I have not read the eponymous novel on which MISS PEREGRINE’S HOME FOR PECULIAR CHILDREN Is based, but a quick check of the of the Wikipedia entry for it reveals that for the screen adaptation many of the characters have been modified and plot point changed. This is not uncommon, and when the original source material featured a plethora of vintage photographs around which the narrative was structured, more than changes are necessary for the smooth transition from one medium to another. What is needed is a bold creative vision. Director Tim Burton, oft billed as a visionary directory, has gotten it half right.
The Peculiars of the title are people with special powers. Think Mutants or Wizards. It’s a genetic thing, with a recessive gene sometimes skipping generations, and each Peculiar has a particular peculiarity. But our hero, Jake (Asa Butterfield), knows none of this as the film begins. At 16, he is a lowly stock boy unnoticed by his peers and living a life that is crushingly ordinary. That changes when his beloved grandfather, Abe (Terrence Stamp), takes a steep dive off the deep end, ranting about danger and demanding the return of the key to his gun cabinet. Said key was taken by Jake’s father (Chris O’ Dowd) out of concern for the old man’s safety, but Jake’s latest visit to check on Abe finds the house in tatters, and Abe himself eyeless, near death, and begging Jake to find the loop and have the bird explain it all to him. Thus begins Jake’s adventure into a realm less ordinary courtesy of the titular home and its equally titular headmistress (Eva Green), a Peculiar with the ability to manipulate time and to turn into a bird.
There is a great deal of plot, all of it imaginative, but little of it with an emotional resonance that makes the upcoming struggle between the good Peculiars and the evil Peculiars, those are the one with the weird white eyes, compelling. It’s less the emotional rollercoaster it ought to be than a dazzling display of state-of-the-art digital effects. From the sweeping arabesque that turns Miss Peregrine into an actual peregrine, to the homage to Ray Harryhausen where skeletons spring to life to battle razor-toothed, stilt-limbed monsters with tentacles snaking in sinuous profusion from their mouths, it’s a visual feast. Ms Green herself is endlessly intriguing as the time-obsessed headmistress with an arch demeanor that barely masks a puckish sensibility and a warm heart. She even unequivocally holds her own against a hairstyle that threatens to take flight at any moment. As does Samuel L. Jackson against not only his electric shock of white hair and even whiter eyes, but also the tangle of needle-like teeth that he displays with the suitable élan of the boisterously ironic villain of the piece. Alas, the rest of the cast pales in comparison, working with characters that are tragically underwritten and reduced to the complexity of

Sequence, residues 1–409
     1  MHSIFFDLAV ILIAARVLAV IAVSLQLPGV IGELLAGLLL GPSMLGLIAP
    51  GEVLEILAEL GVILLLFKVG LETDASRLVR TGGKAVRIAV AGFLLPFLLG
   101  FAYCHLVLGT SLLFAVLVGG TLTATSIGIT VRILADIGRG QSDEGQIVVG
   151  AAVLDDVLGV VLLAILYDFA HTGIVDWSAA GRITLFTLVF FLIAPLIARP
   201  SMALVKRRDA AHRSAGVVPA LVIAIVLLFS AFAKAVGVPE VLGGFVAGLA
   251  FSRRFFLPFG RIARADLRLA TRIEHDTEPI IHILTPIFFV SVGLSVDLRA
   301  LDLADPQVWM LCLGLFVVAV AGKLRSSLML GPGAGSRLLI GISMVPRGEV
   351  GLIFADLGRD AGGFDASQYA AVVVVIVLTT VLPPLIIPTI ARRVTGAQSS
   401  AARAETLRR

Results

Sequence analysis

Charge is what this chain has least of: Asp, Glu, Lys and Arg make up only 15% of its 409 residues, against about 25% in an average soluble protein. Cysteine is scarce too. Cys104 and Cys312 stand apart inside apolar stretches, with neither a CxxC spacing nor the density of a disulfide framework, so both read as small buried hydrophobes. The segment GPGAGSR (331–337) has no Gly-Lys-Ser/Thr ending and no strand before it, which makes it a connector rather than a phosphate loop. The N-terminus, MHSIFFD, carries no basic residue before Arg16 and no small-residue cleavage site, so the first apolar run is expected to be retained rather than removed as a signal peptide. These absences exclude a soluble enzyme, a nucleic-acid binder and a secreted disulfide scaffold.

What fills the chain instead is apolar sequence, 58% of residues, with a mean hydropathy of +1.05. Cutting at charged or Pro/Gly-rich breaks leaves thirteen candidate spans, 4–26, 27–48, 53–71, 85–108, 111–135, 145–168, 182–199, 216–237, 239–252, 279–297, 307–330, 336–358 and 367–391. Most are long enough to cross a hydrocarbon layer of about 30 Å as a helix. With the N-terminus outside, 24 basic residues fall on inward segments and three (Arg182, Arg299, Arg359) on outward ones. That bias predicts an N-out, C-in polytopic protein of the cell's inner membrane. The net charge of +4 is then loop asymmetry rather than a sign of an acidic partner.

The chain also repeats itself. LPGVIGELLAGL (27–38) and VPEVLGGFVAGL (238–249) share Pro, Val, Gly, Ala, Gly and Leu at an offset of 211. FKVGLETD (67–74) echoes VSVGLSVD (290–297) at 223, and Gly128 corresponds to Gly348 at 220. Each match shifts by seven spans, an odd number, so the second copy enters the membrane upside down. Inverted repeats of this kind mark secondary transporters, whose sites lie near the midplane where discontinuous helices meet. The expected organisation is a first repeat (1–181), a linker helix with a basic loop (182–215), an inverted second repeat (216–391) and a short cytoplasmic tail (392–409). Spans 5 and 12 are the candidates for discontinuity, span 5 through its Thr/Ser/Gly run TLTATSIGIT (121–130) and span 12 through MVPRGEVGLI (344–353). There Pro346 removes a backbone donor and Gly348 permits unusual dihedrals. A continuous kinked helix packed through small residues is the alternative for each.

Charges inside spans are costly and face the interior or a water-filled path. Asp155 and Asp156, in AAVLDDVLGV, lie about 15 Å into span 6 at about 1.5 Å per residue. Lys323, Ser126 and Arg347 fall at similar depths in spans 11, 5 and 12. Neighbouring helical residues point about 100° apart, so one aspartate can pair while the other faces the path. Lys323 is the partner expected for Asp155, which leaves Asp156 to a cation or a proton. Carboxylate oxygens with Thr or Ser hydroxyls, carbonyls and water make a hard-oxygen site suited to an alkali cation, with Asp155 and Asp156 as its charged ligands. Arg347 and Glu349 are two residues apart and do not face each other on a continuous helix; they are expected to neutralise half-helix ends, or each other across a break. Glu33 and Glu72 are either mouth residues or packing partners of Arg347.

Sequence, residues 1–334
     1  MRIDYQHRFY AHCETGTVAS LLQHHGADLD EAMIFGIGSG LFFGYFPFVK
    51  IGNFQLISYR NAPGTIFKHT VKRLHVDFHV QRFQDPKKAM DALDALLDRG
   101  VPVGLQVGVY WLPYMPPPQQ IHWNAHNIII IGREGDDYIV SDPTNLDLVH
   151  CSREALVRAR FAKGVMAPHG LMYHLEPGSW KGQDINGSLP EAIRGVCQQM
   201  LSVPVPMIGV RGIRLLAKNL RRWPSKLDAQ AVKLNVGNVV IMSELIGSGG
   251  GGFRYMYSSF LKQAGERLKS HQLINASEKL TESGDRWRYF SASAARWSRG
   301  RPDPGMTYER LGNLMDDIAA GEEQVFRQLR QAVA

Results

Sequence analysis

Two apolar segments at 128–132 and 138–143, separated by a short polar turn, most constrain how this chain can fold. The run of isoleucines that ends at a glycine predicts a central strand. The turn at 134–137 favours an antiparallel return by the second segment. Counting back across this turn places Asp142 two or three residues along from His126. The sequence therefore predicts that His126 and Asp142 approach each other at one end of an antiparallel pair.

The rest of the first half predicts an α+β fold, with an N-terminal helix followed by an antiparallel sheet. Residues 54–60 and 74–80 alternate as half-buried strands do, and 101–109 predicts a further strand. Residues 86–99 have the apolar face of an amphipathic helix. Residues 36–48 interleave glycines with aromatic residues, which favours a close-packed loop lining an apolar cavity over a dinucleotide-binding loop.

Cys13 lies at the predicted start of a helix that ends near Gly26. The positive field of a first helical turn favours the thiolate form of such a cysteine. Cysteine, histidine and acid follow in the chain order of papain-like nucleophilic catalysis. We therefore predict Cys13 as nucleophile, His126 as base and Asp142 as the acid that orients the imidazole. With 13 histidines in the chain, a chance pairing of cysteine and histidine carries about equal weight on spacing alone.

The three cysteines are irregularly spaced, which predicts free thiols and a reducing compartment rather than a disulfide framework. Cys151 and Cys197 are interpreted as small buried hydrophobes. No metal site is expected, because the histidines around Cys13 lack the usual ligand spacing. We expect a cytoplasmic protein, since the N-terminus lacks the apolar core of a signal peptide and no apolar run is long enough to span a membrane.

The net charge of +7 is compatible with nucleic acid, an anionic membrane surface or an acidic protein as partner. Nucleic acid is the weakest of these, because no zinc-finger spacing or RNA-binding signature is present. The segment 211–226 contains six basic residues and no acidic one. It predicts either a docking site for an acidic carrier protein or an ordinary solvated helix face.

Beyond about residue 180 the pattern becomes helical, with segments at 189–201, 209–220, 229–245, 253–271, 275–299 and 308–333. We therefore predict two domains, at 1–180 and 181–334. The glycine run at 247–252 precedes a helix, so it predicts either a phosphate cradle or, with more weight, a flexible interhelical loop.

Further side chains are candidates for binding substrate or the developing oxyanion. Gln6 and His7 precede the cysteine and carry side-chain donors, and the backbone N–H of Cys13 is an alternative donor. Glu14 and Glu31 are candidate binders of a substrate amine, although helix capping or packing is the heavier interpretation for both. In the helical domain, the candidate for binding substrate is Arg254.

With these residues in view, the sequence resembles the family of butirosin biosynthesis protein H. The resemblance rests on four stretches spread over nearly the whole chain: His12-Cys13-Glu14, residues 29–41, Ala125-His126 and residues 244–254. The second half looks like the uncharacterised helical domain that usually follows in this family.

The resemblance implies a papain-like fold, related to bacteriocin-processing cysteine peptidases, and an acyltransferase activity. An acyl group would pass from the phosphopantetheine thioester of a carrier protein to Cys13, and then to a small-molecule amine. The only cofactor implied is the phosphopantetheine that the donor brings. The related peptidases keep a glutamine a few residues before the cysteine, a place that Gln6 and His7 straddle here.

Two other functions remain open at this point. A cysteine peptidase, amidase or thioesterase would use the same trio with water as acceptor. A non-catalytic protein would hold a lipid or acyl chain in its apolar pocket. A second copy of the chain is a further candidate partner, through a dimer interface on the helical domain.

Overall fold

trick ponies. One trick ponies, at that. A state of affairs exacerbated by the lack of chemistry between Jake and the winsome Emma (Ella Purnell), a Peculiar who is lighter than air, which provides the not uninteresting spectacle of her bobbing along behind Jake at the end of a tether held firmly in his hands. Burton seems uninterested in the live-action component that comes between the bouts of CGI, gifting it with lackluster pacing as his protagonists fumble easy shots and make several questionable decisions as the action progresses in occasionally questionable ways.
MISS PEREGRINE’S HOME FOR PECULIAR CHILDREN lacks the vital spark to make it soar the way its eponymous heroine does. It’s a disservice to Ms Greene, and, I suspect, the source material that spent so much time on bestseller lists.